Empty College Promises

Failed Financial Opportunities and Life Lessons

Before I go any further, allow me to pose one question:

As a college graduate or student, why did you decide to go to college?

I want you to keep your answer in mind (or you can leave a comment). Although the responses may vary, I believe that there is a common thread that connects our experiences with higher education.

The Life of a Job Seeker

Frustrations can’t pay the bills. Disappointments won’t build my credit. Cynicism can’t fill up my gas tank.

When I graduated, I had one main purpose: get a job. I wasn’t as concerned about building a network of trustworthy connections or developing my skills even further. I figured my Bachelor’s degree would be my point of entry into corporate America. All I cared about was the prospect of receiving a nice paycheck at the end of the work week.

Over the past two years, I spent most of my free time revising my resume, building a portfolio, and figuring out the importance of LinkedIn. I didn’t get a chance to fully celebrate my graduation. In fact, by the time I actually got my degree, I became disillusioned with the university system itself. Was it all a waste of time? Shouldn’t I be working a fancy office job with benefits? Instead, I’m a sleep-deprived employee at Publix, regretting all of my life decisions up to this point. Safe to say, I felt cheated.

The College Dilemma

So my answer to the posed question at the beginning was to get a job. Am I somewhere in the vicinity of your answer?

I think there’s something to be said about the expectations of the previous generation regarding college. As a Millennial, we were told to view college as the only path to follow after high school. We prepare for standardized tests, write essays, and stress over a letter of acceptance. We take the campus tours, sign up for our first classes, and count the days until we are living in a room miles away from home. After a set number of years, we walk across a stage, celebrate with family and friends, and return home with the hopes of a lucrative career waiting on our doorsteps. But for a majority of us that went through college and lived, that is not our reality. In fact, we leave with debt, doubts, and disappointments.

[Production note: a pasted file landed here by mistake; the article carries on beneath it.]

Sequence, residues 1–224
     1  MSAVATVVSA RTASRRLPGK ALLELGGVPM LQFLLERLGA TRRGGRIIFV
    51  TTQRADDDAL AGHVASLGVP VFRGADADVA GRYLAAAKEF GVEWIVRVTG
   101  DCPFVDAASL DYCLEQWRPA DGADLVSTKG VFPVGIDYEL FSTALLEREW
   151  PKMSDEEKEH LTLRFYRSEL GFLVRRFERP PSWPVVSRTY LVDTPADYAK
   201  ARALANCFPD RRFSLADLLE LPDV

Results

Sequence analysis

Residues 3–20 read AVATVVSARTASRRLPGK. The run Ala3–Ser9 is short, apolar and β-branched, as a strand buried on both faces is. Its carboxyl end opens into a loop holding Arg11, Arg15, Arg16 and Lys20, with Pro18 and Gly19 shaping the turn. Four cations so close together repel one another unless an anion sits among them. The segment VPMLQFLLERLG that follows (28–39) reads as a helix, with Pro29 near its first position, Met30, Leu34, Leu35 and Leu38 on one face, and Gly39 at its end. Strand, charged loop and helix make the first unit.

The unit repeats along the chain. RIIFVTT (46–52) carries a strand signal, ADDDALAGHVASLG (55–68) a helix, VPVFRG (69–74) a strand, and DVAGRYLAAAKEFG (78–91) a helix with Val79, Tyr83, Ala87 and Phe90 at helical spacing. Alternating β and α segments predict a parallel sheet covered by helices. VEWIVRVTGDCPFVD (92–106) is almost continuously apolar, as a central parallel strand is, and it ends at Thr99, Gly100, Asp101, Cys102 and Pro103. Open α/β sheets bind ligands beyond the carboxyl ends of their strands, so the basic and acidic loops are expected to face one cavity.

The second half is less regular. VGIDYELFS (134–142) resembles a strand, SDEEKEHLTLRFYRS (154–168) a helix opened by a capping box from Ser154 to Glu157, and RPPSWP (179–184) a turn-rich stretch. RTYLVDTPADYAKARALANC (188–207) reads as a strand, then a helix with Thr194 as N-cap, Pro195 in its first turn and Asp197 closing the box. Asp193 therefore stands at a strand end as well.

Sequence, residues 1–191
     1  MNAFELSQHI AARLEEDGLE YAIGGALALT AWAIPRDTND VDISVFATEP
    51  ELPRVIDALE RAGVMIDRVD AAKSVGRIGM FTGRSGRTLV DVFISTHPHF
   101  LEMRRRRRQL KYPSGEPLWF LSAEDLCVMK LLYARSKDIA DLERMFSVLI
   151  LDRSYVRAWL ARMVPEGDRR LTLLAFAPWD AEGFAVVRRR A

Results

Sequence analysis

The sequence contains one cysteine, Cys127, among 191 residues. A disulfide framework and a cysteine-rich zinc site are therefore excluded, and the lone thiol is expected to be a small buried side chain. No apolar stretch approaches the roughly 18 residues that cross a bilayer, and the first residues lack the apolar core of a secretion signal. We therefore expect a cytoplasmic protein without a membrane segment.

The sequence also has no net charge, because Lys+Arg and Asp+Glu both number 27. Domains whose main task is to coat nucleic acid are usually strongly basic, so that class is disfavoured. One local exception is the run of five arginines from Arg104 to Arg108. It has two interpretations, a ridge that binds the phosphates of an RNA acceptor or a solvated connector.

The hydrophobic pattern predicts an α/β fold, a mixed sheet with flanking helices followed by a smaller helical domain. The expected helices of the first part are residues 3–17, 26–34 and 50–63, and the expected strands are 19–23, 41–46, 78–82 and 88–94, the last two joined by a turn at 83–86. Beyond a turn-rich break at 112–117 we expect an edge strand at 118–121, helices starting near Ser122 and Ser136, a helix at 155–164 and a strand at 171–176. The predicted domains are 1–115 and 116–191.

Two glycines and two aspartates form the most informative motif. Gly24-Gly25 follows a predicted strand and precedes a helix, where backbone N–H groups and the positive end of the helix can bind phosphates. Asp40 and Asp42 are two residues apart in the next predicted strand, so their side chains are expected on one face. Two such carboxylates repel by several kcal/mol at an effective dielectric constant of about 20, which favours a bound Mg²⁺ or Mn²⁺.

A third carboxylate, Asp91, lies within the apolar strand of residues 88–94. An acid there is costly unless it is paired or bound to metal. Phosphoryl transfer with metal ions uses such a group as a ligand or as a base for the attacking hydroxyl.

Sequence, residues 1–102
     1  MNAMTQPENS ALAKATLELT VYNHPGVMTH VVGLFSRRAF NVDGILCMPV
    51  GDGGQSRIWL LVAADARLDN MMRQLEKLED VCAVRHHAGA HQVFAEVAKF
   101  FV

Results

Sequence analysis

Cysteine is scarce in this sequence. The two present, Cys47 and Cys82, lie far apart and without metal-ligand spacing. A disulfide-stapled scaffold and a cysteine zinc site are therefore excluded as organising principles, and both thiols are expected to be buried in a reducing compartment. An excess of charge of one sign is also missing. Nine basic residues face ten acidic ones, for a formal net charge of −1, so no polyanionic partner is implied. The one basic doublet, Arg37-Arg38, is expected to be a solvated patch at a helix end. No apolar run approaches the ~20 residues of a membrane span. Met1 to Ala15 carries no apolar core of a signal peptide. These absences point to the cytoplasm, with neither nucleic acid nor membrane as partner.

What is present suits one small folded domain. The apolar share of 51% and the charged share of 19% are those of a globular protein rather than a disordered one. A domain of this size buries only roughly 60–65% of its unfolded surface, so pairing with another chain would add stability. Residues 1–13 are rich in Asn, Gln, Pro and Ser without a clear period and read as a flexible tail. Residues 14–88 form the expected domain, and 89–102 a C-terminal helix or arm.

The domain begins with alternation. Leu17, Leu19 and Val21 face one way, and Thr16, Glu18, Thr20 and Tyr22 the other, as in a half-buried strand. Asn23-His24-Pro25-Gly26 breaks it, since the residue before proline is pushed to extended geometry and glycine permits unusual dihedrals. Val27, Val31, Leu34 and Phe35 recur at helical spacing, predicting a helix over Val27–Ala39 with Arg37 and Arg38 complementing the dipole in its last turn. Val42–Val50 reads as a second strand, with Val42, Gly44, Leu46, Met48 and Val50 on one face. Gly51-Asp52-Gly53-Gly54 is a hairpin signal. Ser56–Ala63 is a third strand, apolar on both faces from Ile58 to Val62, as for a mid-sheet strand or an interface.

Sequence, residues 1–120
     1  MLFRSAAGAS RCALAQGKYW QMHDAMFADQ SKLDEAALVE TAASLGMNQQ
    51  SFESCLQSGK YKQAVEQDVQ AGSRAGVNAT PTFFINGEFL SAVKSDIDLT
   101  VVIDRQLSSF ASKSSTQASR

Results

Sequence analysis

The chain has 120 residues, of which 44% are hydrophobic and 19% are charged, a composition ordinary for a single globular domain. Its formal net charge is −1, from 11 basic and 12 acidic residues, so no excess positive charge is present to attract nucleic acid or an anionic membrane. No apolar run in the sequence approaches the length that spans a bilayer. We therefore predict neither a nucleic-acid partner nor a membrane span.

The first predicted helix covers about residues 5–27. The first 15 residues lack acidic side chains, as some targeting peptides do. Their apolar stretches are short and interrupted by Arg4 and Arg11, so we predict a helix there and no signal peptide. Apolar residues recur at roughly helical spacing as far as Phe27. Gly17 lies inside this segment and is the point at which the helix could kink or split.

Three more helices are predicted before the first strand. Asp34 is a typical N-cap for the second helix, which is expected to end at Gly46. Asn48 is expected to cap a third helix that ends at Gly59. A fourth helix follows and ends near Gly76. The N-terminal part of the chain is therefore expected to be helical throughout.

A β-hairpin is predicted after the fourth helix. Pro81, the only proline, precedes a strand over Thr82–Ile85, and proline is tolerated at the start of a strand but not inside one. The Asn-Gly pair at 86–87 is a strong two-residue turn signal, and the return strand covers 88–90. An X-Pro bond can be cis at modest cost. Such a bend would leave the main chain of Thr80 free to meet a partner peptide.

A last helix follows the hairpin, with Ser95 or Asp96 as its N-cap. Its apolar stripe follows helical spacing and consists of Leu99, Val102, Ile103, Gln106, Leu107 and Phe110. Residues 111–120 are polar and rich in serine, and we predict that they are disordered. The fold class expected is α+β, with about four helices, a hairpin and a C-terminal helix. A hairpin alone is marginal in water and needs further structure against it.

My issue isn’t so much the college system as a whole, but rather the promises of college. I personally don’t see college as a waste of time, but I do think it’s time to make a realistic adjustment in terms of how we perceive college. With millions of confused, college-bound kids being told that college is the primary way of finding success, it leads to a rude awakening when the degree they worked so hard to get isn’t as useful as they thought it would be.

It’s Not For Everybody and That’s Okay

I know this may shock some you, but as a college graduate, I can confidently say this: college isn’t for everybody.

When I first experienced college, I didn’t have much of a plan going forward. I knew I wanted to do something creative, but I was told it wouldn’t make much money. So after I got my Associate of Arts (AA) degree, I thought about pursuing IT as an engineering major at USF. After all, I liked technology and I thought more opportunities would be made available to me after graduation. After three semesters, I realized that I couldn’t handle the curriculum and switched my major to English. Although it was a drastic change, it felt the most suitable.

If you’re a high school graduate and you have no plan set, don’t do what I did and just jump straight into college. I suggest taking a year-long break and figure out what you actually want to do with your life. Work a part-time job, take some cheap online classes, and save as much money as possible. You can even apply for a few scholarships if you want. Make the most out of your free time and it will save you much confusion in the future.

With the Internet at your disposal, there are plenty of other ways to achieve success. A simple Google search can reveal a lot. There’s blogging, YouTube, music, social media influence, etc. Buy some books on Amazon and take some notes. Create a LinkedIn profile and start volunteering for different businesses in order to gain some references. Research the job that you would like to work at. Learn how to create a professional cover letter and resume. Brush up on your interviewing skills. Ask questions. Always be appreciative of the opportunities given to you.

Whether you’re in college, finished college, or decided not deal with college, I encourage you not to get bogged down by the expectations that are associated with college. This is a time of self-discovery and independence. You may not have all the answers or the job of your dreams yet. But as long as you make an effort to forge your own path (whether it involves college or not), you will eventually achieve the success that you are working for.


Failed Millennial Life features thoughts from millennial minds on what real success is and how their failures have shaped or guided them. Share your story.